Western stock markets in reserve, assessing the economic risk of conflict

Western stock markets on Thursday preferred caution after rising in previous days, the conflict between Ukraine and Russia still attracted their attention. After opening in the red, the New York Stock Exchange was in positive territory. Around 1410 GMT, the Dow Jones added 0.02%, the S&P 500 added 0.22% and the Nasdaq added 0.38%. Europe developed in a dispersed order: after strong growth the day before, Paris gained 0.14%, London 0.70%, but Frankfurt fell 0.56% and Milan 1.11%.

The war in Ukraine continues to worry markets as they try to anticipate its impact on the global economy. The mood is pessimistic after the latest statements regarding the talks between Russia and Ukraine: a Kremlin spokesman said on Thursday that the Russian delegation “made great efforts“, and accused the Ukrainians of “not show the same zeal“. On Wednesday, discussions around “compromise“which would make Ukraine a neutral country along the lines of Sweden and Austria, helped stock markets to progress, despite the rejection of such a model by the Ukrainian negotiator.

The situation spurred oil prices, which rose by more than 7%. The sharp rise in energy prices due to the conflict threatens all sectors of the economy and increases the cost of doing business. The OECD has warned that the war could cost global growth one point a year if its impact on energy and financial markets is prolonged, and could push inflation up to another 2.5 points.

The US Federal Reserve (Fed) currently expects US gross domestic product (GDP) to grow by 2.8% in 2022, compared to 4.0% previously. As for consumer prices, the Fed expects them to rise by 4.3% this year, which is almost double the last December forecast. That inflation, which the Fed says is too high, pushed the monetary institution on Wednesday to raise key rates for the first time since 2018. This maneuver could be repeated six times this year.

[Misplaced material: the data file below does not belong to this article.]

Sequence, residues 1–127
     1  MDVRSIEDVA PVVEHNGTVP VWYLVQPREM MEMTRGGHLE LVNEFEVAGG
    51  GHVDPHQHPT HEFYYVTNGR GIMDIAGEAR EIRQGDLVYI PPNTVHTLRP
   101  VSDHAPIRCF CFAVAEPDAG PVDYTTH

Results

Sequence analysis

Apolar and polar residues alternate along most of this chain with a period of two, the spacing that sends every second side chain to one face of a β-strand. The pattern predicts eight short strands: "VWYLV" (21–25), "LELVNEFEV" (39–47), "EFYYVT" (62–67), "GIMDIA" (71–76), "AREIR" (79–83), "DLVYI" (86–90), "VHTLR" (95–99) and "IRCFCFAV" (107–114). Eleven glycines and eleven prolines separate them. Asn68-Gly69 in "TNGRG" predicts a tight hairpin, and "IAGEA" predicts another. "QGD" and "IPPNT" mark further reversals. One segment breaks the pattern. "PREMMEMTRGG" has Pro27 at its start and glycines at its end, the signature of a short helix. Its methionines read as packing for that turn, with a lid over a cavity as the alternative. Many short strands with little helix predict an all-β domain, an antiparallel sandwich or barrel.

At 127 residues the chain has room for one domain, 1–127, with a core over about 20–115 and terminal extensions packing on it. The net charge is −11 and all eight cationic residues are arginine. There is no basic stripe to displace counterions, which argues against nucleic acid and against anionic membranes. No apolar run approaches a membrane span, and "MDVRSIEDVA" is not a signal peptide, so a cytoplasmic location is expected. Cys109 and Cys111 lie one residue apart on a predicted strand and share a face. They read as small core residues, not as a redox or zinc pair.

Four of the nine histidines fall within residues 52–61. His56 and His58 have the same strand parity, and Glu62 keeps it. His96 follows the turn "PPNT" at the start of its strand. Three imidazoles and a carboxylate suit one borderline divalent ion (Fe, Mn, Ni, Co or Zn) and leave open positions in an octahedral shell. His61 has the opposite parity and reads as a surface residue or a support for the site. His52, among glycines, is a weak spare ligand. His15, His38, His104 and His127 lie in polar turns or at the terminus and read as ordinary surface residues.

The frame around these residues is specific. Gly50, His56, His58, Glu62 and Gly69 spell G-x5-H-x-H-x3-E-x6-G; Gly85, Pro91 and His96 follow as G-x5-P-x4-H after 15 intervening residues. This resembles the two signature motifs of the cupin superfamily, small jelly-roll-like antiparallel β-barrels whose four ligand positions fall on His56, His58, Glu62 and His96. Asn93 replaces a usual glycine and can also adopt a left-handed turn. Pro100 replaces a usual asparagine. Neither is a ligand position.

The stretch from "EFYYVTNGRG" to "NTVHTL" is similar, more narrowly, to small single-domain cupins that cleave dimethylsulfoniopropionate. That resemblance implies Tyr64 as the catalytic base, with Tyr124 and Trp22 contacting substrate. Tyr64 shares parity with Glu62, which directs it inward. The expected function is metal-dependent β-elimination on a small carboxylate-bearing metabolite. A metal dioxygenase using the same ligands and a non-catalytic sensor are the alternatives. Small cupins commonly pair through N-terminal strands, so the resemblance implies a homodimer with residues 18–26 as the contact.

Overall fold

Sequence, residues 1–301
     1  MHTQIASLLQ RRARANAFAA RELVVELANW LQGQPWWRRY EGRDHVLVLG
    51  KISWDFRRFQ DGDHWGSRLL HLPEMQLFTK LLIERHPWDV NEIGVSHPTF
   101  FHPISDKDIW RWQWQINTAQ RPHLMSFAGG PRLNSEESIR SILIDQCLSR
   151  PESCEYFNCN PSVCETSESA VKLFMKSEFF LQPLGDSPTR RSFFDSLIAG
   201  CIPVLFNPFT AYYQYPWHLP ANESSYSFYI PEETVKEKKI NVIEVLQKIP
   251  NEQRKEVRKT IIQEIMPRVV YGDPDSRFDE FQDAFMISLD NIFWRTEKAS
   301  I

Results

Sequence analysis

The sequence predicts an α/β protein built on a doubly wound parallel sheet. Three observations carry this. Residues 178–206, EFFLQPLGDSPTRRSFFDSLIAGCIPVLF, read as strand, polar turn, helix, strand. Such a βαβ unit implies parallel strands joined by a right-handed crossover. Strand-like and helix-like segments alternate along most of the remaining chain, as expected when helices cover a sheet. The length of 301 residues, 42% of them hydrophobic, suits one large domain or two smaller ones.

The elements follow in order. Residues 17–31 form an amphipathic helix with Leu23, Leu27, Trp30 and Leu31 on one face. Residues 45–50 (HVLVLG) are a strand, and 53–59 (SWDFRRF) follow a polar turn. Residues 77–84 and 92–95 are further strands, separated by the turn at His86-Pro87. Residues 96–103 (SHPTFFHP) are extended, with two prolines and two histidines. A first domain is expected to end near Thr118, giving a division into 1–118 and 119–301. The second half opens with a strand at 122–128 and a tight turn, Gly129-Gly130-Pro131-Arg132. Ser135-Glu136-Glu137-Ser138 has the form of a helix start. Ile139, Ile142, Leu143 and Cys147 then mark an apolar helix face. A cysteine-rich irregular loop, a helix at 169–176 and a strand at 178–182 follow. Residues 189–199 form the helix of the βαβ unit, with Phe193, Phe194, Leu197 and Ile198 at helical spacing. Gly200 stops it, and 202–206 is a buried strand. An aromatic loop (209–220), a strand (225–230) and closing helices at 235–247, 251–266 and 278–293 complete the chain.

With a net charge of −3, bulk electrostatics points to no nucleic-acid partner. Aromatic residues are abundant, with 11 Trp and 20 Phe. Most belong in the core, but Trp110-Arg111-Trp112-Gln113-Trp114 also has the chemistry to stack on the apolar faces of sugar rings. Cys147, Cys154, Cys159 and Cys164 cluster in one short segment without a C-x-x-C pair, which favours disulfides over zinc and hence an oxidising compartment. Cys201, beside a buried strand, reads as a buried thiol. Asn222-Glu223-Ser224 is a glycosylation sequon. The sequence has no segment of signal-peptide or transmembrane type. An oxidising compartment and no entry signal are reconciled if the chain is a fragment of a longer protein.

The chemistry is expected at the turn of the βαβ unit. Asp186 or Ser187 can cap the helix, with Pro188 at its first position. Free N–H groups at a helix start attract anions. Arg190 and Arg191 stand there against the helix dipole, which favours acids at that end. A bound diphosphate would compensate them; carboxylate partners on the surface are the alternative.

All of these elements combined make markets wary of a slowdown in economic growth. “Inflation“And”Inflation expectations will continue to weigh more on Fed officials than downside risks.confirms Allison Boxer, economist at Pimco. The Bank of England (BoE) also raised interest rates on Thursday to 0.75%, pre-pandemic levels, to counter inflation, which it said could top 8% in 2022.

Oil and gas on the rise

Around 1505 GMT, a barrel of North Sea Brent oil for May delivery rose 7.19% to $105.11, while U.S. April WTI rose 7.42% to $102.02.

On the stock markets, oil companies Eni (+1.43%) in Milan, BP (+2.12%) in London or Exxon Mobil (+1.16%) in New York took advantage of this trend.

According to Bloomberg, the European benchmark contract for natural gas rose by 8% after the reduction of Russian gas supplies to Germany.

ThyssenKrupp weakened by Ukraine

The German conglomerate fell 9.34% after warning that the aftermath of the war in Ukraine made “it is impossible to assert the possibilityof their project to make their steel division independent, even if the groupstay convinced” this “offers very good prospects for the future“.

The most Russian-affected stocks were hit, with Renault (-5.25%) at the bottom of the list in France, as were European banks Unicredit (-5.92%) and Raiffeisen (-6.12%).

Delivery continues

Food delivery platform Deliveroo increased revenue in 2021 but widened the deficit due to a surge in costs. The share took 6.52%. In Frankfurt, Delivery Hero gained 0.67%.

On the currency side

In the foreign exchange market, the euro rose 0.33% against the US dollar to $1.1070, while the pound lost 0.25% against the US currency to $1.3117 after the decision of the Bank of England. Bitcoin was stable (-0.30%) at $41,140.

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